Students on the Lawn

Creating a Shared Vision

by Anna Mika, M.S., Ph.D., 2009-2012 Performance Tracking Fellow

On April 7th and 8th, I attended a Community Based Social Marketing (CBSM) workshop in Toronto, Canada, put on by Dr. Doug McKenzie-Mohr.  The workshop, entitled "Fostering Sustainable Behavior" focused on the psychological motivations and barriers people may have to participating (or not participating) in a certain behavior.

The workshop was very fast-paced and engaging.  We frequently stopped discussing theories to work in small groups to try to apply the strategies Dr. McKenzie-Mohr just introduced to a real world example.  I found this very useful because questions and issues very quickly arose as we experienced some growing pains in trying to work within a new paradigm.  For example, Dr. McKenzie-Mohr emphasized that the behavior change we wanted to target had to be "non-divisible" and "end-state."  By this he meant that we could not address broad categories of behavior changes, such as trying to be more energy efficient, because these categories can be made up of many small behaviors (244 to be exact!).  Dr. McKenzie-Mohr, and eventually the rest of the group, was quick to point out when the behavior we were discussing was not specific enough.

The aspect of the workshop that I found most interesting was how the psychology of motivating people plays into creating successful programs and initiatives to try to engage people in behavior changes.  Simply distributing information does not work because there is no connection between people's knowledge about something and their attitude about it or their behavior.  CBSM-based programs include considering barriers to a specific behavior change, social norms, and people's self perceptions as well as their perceptions of the social norm.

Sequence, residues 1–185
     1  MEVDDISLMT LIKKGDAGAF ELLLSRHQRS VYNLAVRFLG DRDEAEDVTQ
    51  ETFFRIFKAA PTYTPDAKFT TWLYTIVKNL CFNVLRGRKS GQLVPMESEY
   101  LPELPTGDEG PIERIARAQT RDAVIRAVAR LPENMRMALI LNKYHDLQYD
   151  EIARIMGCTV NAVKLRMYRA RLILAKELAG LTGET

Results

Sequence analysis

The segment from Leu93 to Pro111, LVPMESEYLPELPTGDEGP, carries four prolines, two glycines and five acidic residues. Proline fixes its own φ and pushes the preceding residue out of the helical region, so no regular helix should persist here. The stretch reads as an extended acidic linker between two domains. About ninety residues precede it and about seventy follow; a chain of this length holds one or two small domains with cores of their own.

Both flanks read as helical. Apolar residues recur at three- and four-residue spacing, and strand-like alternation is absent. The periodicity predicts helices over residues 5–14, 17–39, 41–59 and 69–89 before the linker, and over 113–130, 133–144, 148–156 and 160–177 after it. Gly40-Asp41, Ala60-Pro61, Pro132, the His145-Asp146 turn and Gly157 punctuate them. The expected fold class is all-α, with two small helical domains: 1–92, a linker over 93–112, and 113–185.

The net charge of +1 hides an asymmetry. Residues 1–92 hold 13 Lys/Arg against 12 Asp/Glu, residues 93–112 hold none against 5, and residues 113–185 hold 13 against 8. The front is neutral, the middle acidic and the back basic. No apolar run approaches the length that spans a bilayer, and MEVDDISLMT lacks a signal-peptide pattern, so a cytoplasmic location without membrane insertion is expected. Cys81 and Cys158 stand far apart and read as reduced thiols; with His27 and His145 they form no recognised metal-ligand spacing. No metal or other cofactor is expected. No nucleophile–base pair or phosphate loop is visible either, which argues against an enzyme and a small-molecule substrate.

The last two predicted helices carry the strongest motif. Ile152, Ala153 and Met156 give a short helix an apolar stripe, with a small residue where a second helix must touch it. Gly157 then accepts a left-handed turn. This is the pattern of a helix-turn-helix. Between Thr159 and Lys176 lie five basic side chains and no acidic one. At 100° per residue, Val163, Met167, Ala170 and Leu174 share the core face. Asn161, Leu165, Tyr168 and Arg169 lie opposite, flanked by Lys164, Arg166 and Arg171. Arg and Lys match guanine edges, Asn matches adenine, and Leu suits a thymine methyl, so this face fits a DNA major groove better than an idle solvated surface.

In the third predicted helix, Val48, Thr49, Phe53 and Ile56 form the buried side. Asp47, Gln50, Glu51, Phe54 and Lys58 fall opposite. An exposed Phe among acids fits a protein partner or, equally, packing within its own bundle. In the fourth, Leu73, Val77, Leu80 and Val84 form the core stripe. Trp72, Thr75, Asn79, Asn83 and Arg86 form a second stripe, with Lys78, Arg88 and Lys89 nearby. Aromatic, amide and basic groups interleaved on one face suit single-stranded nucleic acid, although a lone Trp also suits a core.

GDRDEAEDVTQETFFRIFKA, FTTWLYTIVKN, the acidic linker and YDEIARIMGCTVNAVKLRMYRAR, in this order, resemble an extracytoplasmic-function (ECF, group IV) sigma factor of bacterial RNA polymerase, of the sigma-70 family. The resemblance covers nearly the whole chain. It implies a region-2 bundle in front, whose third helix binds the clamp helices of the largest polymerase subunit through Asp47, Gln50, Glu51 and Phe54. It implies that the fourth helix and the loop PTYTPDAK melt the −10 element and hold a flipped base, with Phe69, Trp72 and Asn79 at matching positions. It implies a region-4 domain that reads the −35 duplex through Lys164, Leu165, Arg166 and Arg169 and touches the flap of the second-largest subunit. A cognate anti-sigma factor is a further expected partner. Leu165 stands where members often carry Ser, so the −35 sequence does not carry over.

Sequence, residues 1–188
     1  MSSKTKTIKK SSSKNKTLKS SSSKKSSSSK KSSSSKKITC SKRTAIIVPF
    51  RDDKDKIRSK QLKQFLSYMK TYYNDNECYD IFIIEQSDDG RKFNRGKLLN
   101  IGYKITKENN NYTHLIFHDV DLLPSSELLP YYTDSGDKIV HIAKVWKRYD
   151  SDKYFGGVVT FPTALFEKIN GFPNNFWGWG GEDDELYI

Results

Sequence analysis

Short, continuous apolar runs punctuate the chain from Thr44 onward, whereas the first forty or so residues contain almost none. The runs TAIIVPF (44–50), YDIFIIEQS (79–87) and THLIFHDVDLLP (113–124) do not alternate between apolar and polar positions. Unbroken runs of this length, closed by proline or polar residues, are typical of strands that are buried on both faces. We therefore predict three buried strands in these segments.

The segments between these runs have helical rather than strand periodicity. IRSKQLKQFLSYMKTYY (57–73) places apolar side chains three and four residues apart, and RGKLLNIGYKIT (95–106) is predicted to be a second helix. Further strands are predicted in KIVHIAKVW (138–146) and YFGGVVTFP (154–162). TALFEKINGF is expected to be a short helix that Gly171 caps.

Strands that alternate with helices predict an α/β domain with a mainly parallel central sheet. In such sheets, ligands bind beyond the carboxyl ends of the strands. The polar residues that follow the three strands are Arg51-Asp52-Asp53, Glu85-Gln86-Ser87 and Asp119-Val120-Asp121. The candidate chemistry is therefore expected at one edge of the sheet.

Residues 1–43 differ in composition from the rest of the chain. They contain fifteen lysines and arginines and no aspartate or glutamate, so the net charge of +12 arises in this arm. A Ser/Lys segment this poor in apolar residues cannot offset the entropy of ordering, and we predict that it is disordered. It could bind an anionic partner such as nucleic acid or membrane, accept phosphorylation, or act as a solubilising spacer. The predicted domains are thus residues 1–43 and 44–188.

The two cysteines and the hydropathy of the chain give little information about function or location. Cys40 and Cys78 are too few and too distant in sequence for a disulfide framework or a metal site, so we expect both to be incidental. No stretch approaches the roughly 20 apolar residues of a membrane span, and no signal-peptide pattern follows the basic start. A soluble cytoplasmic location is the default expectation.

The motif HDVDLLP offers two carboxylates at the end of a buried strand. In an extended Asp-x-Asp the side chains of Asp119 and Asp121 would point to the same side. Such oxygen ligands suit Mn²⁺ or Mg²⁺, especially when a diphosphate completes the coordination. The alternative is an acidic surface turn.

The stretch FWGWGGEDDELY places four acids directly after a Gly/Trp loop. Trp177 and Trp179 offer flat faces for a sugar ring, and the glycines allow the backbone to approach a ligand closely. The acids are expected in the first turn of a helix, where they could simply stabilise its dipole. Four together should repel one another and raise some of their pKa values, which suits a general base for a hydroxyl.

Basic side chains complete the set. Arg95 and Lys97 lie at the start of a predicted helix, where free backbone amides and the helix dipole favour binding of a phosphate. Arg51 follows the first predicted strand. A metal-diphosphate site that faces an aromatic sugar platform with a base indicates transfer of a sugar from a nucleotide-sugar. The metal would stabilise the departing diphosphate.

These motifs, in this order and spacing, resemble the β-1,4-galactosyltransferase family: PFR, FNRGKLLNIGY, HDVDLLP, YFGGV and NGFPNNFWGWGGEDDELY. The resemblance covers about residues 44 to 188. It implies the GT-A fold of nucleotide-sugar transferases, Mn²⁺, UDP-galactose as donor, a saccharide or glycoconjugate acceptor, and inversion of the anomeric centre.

One of the most fascinating aspects of the workshop was our discussion about social norms and how social diffusion of a behavior can cause others to engage in a behavior because others in their community or someone well known and well respected is doing the behavior.  We also discussed how many of the sustainability related behaviors many people engage in are not directly tied to a shared vision of sustainability.  By this he meant that although someone can participate in recycling and bringing reusable grocery bags with them to the store, that person may not be aware of the "big picture" of how these behaviors have an impact on the environment and how they relate to other behaviors they should be doing.  This lack of a shared vision and big picture perspective can lead people to engage in contradictory behaviors that do not overall contribute to a sustainable future.

After participating in this workshop, I will try to keep the theories and strategies in the back of my mind as I observe behaviors and try to identify the barriers to behavior change.  I look forward to applying CBSM sometime in the near future!